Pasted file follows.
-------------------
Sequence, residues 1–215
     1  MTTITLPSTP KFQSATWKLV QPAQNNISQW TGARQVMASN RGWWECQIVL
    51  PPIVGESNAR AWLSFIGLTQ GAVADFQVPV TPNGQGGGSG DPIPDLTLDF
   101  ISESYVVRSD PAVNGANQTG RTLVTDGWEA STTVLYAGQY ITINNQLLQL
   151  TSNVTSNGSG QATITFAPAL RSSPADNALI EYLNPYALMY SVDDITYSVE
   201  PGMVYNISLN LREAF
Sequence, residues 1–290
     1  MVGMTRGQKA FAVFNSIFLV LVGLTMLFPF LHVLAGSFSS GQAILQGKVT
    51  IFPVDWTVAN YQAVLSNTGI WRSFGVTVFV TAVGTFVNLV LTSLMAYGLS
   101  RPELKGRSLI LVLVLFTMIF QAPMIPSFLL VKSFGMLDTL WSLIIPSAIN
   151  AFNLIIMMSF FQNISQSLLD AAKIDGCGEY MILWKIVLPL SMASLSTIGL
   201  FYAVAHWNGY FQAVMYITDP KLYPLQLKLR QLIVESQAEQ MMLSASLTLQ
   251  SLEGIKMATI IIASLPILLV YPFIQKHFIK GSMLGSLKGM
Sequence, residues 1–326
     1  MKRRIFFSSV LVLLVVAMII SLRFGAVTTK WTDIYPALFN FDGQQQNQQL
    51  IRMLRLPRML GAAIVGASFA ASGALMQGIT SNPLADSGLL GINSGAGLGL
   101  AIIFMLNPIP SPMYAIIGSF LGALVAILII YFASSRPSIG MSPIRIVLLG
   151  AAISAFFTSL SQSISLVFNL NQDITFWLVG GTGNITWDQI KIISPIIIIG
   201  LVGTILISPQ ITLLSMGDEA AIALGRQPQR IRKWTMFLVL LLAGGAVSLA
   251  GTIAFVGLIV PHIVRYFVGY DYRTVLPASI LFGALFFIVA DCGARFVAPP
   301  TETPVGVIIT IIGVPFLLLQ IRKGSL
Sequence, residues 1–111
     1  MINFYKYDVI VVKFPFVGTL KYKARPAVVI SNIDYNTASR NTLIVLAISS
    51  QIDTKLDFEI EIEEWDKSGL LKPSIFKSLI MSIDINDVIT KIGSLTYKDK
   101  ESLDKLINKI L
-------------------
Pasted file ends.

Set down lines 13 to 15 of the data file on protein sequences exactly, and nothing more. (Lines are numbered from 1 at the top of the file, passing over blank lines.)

   251  SLEGIKMATI IIASLPILLV YPFIQKHFIK GSMLGSLKGM
Sequence, residues 1–326
     1  MKRRIFFSSV LVLLVVAMII SLRFGAVTTK WTDIYPALFN FDGQQQNQQL